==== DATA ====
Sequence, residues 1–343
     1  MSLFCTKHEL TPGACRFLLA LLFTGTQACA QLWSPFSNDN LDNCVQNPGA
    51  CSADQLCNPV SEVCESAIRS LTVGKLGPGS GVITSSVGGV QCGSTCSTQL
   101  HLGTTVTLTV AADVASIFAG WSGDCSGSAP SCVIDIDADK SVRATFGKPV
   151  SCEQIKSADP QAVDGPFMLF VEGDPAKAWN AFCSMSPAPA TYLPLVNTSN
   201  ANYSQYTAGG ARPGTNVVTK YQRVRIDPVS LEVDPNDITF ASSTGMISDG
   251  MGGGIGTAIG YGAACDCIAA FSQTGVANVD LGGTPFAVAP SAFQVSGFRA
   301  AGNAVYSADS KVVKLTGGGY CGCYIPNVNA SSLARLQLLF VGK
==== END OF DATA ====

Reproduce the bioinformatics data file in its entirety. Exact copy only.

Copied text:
Sequence, residues 1–343
     1  MSLFCTKHEL TPGACRFLLA LLFTGTQACA QLWSPFSNDN LDNCVQNPGA
    51  CSADQLCNPV SEVCESAIRS LTVGKLGPGS GVITSSVGGV QCGSTCSTQL
   101  HLGTTVTLTV AADVASIFAG WSGDCSGSAP SCVIDIDADK SVRATFGKPV
   151  SCEQIKSADP QAVDGPFMLF VEGDPAKAWN AFCSMSPAPA TYLPLVNTSN
   201  ANYSQYTAGG ARPGTNVVTK YQRVRIDPVS LEVDPNDITF ASSTGMISDG
   251  MGGGIGTAIG YGAACDCIAA FSQTGVANVD LGGTPFAVAP SAFQVSGFRA
   301  AGNAVYSADS KVVKLTGGGY CGCYIPNVNA SSLARLQLLF VGK